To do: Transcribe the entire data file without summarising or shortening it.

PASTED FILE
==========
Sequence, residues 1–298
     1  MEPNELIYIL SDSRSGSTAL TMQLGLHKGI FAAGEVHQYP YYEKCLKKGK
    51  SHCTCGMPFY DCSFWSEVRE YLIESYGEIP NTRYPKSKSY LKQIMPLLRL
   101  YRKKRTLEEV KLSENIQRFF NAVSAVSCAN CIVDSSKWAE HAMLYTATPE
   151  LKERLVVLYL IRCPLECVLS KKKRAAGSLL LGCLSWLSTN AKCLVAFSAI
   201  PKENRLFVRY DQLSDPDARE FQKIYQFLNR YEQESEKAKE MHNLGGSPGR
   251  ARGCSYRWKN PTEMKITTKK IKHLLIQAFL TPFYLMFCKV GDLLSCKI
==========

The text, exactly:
Sequence, residues 1–298
     1  MEPNELIYIL SDSRSGSTAL TMQLGLHKGI FAAGEVHQYP YYEKCLKKGK
    51  SHCTCGMPFY DCSFWSEVRE YLIESYGEIP NTRYPKSKSY LKQIMPLLRL
   101  YRKKRTLEEV KLSENIQRFF NAVSAVSCAN CIVDSSKWAE HAMLYTATPE
   151  LKERLVVLYL IRCPLECVLS KKKRAAGSLL LGCLSWLSTN AKCLVAFSAI
   201  PKENRLFVRY DQLSDPDARE FQKIYQFLNR YEQESEKAKE MHNLGGSPGR
   251  ARGCSYRWKN PTEMKITTKK IKHLLIQAFL TPFYLMFCKV GDLLSCKI